Challenge to clear concealed-carry applications in 30-days

Published 01/15 2014 01:02PM

Updated 01/15 2014 01:06PM

SPRINGFIELD -- State leaders say the state is getting close to 1,000 new applications for concealed-carry permits each day, but that kind of workload has some people worried about processing delays. WCIA-3's Ashley Michels keeps us Connected to the Capitol.

It's only a problem depending on where in the state you live. Chicago police say the number of applications is overwhelming, but officials in Central Illinois say it won't be too big of a deal.

Gun owners across the state have been waiting years of Illinois to allow concealed-carry. Now that it's law, many of them want to be among the first to get the permit.

"I'd say, the first 30-days, they're going to be totally overwhelmed and swamped with applications."

Sangamon County Sheriff Neil Williamson is right. In the first week, roughly 16,000 applications rolled in. That's 16,000 applications and counting which local law enforcement have to sift through.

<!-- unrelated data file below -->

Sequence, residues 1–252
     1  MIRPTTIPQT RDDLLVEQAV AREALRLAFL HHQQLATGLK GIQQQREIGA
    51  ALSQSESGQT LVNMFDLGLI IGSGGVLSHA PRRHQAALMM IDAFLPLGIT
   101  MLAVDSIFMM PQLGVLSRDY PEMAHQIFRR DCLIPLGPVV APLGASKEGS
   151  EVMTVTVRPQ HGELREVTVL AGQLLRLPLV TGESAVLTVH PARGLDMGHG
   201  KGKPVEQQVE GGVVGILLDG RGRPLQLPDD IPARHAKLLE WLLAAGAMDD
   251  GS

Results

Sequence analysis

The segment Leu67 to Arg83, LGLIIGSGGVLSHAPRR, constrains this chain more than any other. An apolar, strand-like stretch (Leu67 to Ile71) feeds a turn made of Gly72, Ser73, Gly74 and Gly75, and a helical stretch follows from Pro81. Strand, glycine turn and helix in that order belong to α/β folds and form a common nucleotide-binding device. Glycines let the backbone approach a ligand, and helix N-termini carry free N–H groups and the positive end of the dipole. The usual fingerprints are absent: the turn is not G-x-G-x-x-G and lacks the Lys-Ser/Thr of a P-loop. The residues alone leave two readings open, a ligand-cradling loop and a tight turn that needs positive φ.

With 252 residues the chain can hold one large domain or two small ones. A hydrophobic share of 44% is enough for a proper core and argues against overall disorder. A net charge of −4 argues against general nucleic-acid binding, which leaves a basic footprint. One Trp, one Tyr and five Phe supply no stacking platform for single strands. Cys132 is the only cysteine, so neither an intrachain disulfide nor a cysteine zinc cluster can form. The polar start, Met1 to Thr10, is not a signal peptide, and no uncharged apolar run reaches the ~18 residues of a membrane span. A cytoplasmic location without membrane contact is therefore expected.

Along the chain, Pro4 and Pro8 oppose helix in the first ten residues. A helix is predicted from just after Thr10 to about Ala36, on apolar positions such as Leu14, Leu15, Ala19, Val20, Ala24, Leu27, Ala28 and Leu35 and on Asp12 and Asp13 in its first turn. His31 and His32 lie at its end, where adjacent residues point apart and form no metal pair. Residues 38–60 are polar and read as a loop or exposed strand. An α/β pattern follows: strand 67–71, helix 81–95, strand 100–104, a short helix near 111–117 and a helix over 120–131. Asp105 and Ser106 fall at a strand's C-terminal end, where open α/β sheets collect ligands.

"We'll go online. We can go to a portal on the state police computer and look at the people that have applied and, we will try to vet out anyone that we know, that we feel, they're not suited to have a concealed-carry."

The problem is, they only have 30-days to approve or deny the applications and no extra funding to pay for overtime costs to do it. That's why some law enforcement agencies near Chicago worry they won't be able to keep up with demand. But, Williamson says his office and others like it should be able to absorb the influx.

"I think we'll see the bulk of these applications come in up front and they'll probably dwindle away as we get later on in the year, so most of the work will be up front and it may cost us, perhaps a little overtime up front, but I don't think it's going to be to the point where it's going to be overburdensome."

Once you turn in your application, state police are supposed to give you an answer whether you're approved or denied within 90-days. So, the first carriers should have their permits by March.

A new database could keep guns out of the hands of the mentally ill. The Department of Human Services says its new database system will give mental health professionals a tool for reporting patients who pose a danger to themselves or others. The information gets compared with the state police's list of FOID cardholders and firearm owners.

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